County Rejects Request To Fund City PD Computer Fees

2/24/17 – The Dodge County Board this week rejected a proposal to use county sales tax dollars to cover some of the costs that local police departments have to pay to connect to the sheriff’s department’s new countywide computer system. The Dodge County Sheriff’s Office is in the process of implementing a new records management system that would link 17 municipal law enforcement agencies in the county together. Sheriff Dale Schmidt says the software for Spillman will be free to each municipal department however those departments will each have to pay a one-time training fee of $720-per officer this year and a yearly maintenance fee of $280-per computer beginning in 2019. For the Beaver Dam Police Department, that translates to $26-thousand dollars for its 37 officers plus $14-thousand annually for its 51-computers.


Police Chief John Kreuziger says that is considerably higher than the $4300 total cost to be part of the failed New World computer system, which was put into place three years ago but has been plagued with issues. The higher costs led city leaders in Beaver Dam to ask the county board to use revenues from the county’s half-percent sales tax to pay the fees. Among other things, Kreuziger notes that he has 13 officers who work part-time in other local police agencies and Beaver Dam would pay that fee without reimbursement, unless the city can find a way to recoup the costs. Kreuziger says that he does not feel those negotiations should be his responsibility when it is a countywide software program.  On a 19-to-10 vote, the county board this week rejected the request by Beaver Dam to have county sales tax dollar’s pay $29-thousand dollars in maintenance fees for all 17 city, village and township police departments.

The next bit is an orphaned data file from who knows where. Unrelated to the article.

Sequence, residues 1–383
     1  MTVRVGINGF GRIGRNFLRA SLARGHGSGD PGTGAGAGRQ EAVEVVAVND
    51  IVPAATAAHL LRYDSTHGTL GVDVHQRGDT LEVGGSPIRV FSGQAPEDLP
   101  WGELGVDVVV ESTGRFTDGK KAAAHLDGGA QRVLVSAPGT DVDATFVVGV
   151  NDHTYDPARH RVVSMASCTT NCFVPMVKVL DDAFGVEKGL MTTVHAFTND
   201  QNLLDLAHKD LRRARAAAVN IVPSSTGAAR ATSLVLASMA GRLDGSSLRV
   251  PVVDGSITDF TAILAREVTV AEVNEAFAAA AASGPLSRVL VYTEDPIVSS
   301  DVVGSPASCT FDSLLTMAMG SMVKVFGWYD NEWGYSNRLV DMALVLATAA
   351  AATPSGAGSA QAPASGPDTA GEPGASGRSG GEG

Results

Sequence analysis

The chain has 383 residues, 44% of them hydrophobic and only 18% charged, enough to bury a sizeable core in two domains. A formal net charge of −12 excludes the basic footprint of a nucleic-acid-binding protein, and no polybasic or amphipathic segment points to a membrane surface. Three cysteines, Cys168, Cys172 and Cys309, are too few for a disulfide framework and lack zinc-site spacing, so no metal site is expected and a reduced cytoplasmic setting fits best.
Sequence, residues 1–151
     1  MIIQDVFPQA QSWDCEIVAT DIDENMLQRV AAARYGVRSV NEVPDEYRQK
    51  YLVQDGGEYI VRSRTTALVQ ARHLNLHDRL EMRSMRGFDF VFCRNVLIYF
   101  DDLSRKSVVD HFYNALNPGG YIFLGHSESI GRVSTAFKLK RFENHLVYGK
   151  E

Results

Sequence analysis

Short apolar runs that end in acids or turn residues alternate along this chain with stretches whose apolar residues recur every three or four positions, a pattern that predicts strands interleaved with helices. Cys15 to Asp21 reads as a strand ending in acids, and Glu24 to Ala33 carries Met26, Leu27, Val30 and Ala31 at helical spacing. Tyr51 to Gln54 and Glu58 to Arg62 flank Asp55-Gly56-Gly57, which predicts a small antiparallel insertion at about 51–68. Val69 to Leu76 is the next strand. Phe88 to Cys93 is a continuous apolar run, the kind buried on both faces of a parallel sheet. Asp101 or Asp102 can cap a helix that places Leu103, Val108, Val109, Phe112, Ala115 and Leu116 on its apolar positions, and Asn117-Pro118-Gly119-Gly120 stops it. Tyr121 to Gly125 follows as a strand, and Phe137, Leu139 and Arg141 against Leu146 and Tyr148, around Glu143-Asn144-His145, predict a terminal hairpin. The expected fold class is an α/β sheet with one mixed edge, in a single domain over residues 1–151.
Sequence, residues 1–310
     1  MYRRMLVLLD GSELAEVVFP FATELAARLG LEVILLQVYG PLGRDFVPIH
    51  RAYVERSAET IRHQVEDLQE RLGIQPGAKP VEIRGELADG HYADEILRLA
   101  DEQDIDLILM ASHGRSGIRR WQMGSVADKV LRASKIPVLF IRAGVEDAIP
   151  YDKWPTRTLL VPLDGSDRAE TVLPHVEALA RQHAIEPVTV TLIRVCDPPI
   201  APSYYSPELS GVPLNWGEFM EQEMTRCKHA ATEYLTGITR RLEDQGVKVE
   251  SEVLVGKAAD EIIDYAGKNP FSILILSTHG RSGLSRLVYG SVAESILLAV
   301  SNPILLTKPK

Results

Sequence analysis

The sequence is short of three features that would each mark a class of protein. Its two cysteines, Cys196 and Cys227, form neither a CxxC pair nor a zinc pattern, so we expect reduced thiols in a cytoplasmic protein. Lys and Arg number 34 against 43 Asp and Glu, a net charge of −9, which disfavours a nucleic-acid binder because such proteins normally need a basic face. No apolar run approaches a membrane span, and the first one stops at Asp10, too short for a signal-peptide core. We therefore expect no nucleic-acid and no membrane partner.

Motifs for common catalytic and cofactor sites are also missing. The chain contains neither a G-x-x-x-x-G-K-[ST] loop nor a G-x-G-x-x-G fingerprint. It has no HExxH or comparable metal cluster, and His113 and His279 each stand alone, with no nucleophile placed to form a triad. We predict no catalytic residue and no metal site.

Sheriff Schmidt says negotiations will continue with Beaver Dam, one of two agencies that have yet to sign-on to Spillman. Schmidt says it would cost Beaver Dam a half million dollars to get a comparable system on their own. Both Sheriff Schmidt and Chief Kreuziger say they are confident that a deal will be reached that will be in the best interest of both agencies and the taxpayers.